The boy’s idea was that he would do something good, kind and generous on a large scale for three other people and that they in turn would do the same for three more people, and so on. What would follow would be a tidal wave of selfless and generous acts of kindness.
In celebration of the day and the idea, how about giving it a try and doing 3 things you would not otherwise have done today? Here are a few ideas if you need some inspiration:
Write a letter of appreciation to someone who plays an important part in your life
Smile at some people you don’t know and say good evening
Call a friend you haven’t spoken to in a while
Tell someone how much they mean to you and why if you haven’t done that in a while
Appreciate someone at work for a task well done or for having a really good attitude
Buy treats for the office (sorry this a bit late in the day – you could delay till Monday!)
Buy a stranger a drink if they are waiting at the bar with you
Stop and have a chat with a Big Issue seller as well as buying a magazine from them.
Help someone with their shopping, with a pram or with their luggage
Thank someone for good customer service
Write an email to a company or club which you feel do a great job
Pay It Forward at a cafe or pub – leave some extra money with the staff and ask them to use it to buy a drink for someone who looks like they need cheering up that day
At a restaurant, ask for the bill of another table from the waiting staff and pay it for them, and write on the bill that it’s a pay it forward gift
Make a donation to charity or sponsor someone
Not only will this make someone else’s day, it will also contribute to your happiness so it’s a win-win concept. What have you got to lose?
Kindness, like a boomerang, always returns. ~ Author Unknown
On April 18th I am going to hear Karen Armstrong speak at an Action for Happiness event. I was not aware of who she was before I was sent the details of the talk. What a fascinating woman and what a mission she is on. I watched a video of her speaking and it really resonated with some of the things I had been mulling over myself for a while.
She is a former nun who believes that religion has been hijacked and at the same time that the central tenet of the main religions has great relevance for society. According to her, that message is compassion.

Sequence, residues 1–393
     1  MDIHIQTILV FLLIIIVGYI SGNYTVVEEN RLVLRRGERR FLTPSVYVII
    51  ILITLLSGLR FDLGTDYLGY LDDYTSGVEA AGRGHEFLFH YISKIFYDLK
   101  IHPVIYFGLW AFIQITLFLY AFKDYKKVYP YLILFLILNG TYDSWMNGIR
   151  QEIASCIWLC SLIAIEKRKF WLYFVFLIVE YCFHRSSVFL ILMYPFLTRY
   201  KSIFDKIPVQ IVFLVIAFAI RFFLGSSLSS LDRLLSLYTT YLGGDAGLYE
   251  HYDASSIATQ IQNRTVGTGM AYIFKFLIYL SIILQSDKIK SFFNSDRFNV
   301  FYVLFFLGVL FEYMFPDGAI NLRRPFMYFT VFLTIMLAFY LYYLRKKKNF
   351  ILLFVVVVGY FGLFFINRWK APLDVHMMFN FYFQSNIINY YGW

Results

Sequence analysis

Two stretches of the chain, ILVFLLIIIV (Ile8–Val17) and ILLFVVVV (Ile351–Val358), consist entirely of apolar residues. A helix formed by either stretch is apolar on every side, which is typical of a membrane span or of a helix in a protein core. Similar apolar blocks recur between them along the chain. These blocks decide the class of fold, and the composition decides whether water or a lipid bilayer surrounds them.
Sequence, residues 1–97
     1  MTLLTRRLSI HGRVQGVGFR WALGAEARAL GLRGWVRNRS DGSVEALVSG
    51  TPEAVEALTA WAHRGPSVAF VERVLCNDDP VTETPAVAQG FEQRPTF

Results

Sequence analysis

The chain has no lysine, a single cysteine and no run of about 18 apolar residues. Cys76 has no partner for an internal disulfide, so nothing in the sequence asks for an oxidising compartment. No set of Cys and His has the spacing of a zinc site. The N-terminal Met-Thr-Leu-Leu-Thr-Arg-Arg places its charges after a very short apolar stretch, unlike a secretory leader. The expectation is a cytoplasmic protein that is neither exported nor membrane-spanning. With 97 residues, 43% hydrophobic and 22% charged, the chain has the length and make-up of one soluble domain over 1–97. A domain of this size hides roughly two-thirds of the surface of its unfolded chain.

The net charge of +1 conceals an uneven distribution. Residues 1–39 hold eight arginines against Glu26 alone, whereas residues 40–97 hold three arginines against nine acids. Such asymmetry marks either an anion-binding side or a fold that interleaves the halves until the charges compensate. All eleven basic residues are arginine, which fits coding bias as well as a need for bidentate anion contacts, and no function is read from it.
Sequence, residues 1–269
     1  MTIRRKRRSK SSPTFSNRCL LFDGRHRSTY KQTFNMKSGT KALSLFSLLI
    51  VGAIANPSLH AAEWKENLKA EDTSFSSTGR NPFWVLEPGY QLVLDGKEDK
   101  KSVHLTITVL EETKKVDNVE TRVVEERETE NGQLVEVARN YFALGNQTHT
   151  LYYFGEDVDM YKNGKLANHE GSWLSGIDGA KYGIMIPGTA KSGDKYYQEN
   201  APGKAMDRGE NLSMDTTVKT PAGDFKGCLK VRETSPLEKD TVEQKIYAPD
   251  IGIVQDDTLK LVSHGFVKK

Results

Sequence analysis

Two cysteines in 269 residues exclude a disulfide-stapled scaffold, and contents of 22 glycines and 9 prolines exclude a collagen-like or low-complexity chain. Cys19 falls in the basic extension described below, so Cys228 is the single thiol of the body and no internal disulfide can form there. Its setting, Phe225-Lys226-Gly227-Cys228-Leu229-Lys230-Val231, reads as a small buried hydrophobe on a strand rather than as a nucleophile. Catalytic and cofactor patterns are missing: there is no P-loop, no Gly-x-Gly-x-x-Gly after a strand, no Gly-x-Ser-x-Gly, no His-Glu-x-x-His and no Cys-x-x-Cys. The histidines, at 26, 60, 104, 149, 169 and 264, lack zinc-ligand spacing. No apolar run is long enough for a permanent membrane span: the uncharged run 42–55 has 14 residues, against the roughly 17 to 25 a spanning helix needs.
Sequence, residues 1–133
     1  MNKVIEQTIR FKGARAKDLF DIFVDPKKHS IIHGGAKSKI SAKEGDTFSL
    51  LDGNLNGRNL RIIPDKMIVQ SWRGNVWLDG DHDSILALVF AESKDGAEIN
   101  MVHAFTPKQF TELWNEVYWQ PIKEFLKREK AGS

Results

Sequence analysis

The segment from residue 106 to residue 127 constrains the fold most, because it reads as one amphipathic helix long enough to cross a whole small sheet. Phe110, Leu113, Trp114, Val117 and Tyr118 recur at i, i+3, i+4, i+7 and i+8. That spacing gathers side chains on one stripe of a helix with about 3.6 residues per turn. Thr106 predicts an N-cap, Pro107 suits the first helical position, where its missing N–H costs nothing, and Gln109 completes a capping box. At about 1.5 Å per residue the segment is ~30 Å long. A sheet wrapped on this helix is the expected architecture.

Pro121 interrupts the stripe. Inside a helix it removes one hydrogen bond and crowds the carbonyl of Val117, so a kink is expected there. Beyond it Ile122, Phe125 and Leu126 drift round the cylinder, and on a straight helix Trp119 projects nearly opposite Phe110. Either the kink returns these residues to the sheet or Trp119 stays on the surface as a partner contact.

She talks about Christianity, Judaism and Islam and describes how each of them has a similar core principle of compassion which boils down to ‘treat others as you would like to be treated’ or on the flip side ‘ don’t do to anyone else what you wouldn’t want done to you’.
She also points out that each of the religions specifically mentions that this golden rule of compassion should not be restricted to your own group, whatever that might be, but that strangers should be honoured.
She points out at one stage that believing is easy but consistently practising compassion is difficult, and that sometimes very religious people prefer to be right than compassionate. I guess the same might be said of very anti-religious people – as soon as there is entrenchment it becomes more about winning that being kind, open minded, or generous.
She is on a mission to reclaim religion and to make it a source of peace in the world, and to move people from toleration to appreciation. I thought this was a very good point. The first is passive and the latter active and therefore takes more effort but will have a greater impact on peace.
In order to achieve this mission, she has set up the Charter for Compassion. The project used a unique web-based decision making platform, thousands of people from over 100 countries added their voice to the writing of the Charter. In a six-week period, thousands of submissions were entered which were then read and commented upon by over 150,000 visitors. These contributions were then reviewed by the Council of Conscience, a multi-faith, multi-national group of religious thinkers and leaders, and incorporated into the final document.